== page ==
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Arizona land swap bill emblematic of national mineral resource supply issues

Rep. Mark Amodei

Having just passed and sent Rep. Amodei’s (R-Nev.) H.R. 761, the “National Strategic and Critical Minerals Production Act of 2013,” to the U.S. Senate, the U.S. House of Representatives may vote on a second important piece of legislation with wide-reaching implications for our mineral resource supply issues this week.

After outlining the strategic importance of Rep. Paul Gosar’s (R-Ariz.) H.R. 687, which would approve a land swap for an Arizona copper mine, on The Hill’s Congress Blog, American Resources Principal Daniel McGroarty elaborated on the issue in the Arizona Daily Star. McGroarty makes clear:

“[W]e can never control uncertainties beyond our borders. But with so much in the wider world outside our control, there is one step we can take: We can remove constraints to our own economic growth.

Put simply, if we want to put American manufacturing on a stronger, more stable footing, we need to start by providing the raw materials of manufacturing — metals and minerals — here at home.”

Arizona’s proposed Resolution Copper Mine, a project in need of Congressional legislation subjecting “environmentally valuable” land to federal protection in exchange for resource development on smaller, less “valuable” land, could serve to all but eliminate the United States’ copper gap, which has soared to an “annual 600,000-metric-ton shortfall between the copper we use and the metal produced in American mines.”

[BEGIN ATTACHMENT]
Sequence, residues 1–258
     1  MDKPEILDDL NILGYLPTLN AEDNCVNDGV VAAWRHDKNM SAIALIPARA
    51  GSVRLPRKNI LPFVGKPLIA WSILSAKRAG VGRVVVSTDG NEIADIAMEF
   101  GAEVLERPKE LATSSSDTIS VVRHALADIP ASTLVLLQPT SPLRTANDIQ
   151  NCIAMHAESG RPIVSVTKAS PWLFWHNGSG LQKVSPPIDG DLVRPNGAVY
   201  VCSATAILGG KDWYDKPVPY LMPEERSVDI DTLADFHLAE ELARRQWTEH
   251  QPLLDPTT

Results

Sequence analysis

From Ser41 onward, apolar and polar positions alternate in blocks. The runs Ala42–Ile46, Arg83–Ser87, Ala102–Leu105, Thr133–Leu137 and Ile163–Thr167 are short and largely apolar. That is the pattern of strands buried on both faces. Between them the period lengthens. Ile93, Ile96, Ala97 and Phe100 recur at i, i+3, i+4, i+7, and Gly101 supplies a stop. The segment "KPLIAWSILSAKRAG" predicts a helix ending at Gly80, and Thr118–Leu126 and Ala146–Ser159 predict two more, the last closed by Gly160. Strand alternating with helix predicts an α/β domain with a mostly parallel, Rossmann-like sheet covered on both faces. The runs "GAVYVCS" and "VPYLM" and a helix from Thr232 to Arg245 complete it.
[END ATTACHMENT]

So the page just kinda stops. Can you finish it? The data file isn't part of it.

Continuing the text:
The editorial board of the Arizona Republic, the state’s leading newspaper agrees, and has endorsed Rep. Gosar’s legislation, which enjoys bipartisan support from the state’s congressional delegation and has “the potential to be an economic bonanza for our state and a national security boon to our country.” Citing ARPN, the paper argues:

“Copper is essential for electronics, homebuilding, cars and the fast-growing alternative-energy field. Domestic production of copper falls short of demand, which raises national-security issues because copper is essential for weapons systems. A domestic supply is far more reliable. The ore Resolution wants to tap could significantly reduce the gap between demand for copper and domestic production, according to the American Resources Policy Network.

Two-thirds of the copper mined in the United States comes from Arizona, according to this group, a non-profit that supports domestic mineral production. Resolution would tap one of the largest known undeveloped copper reserves in the world to keep our state a major player in copper production.

The benefits of the mine are significant for Arizona and the nation. Too significant to let this project continue to languish.

The House should move this forward.”

Meanwhile, aside from the direct and indirect ramifications from the Arizona land swap bill, the issue is also emblematic of our national mineral resource issues. Having stopped viewing many metals and minerals through a strategic lens, the U.S. finds itself in a precarious position where we there are currently 19 strategic minerals for which we are 100% import dependent.

For the sake of our national security and economic well-being, it is time we pick up that strategic lens again and begin formulating a coherent critical minerals strategy. The fate of Rep. Gosar’s bill (and Rep. Amodei’s bill in the Senate, for that matter) will serve as an indicator whether this message has begun to resonate with our policy makers.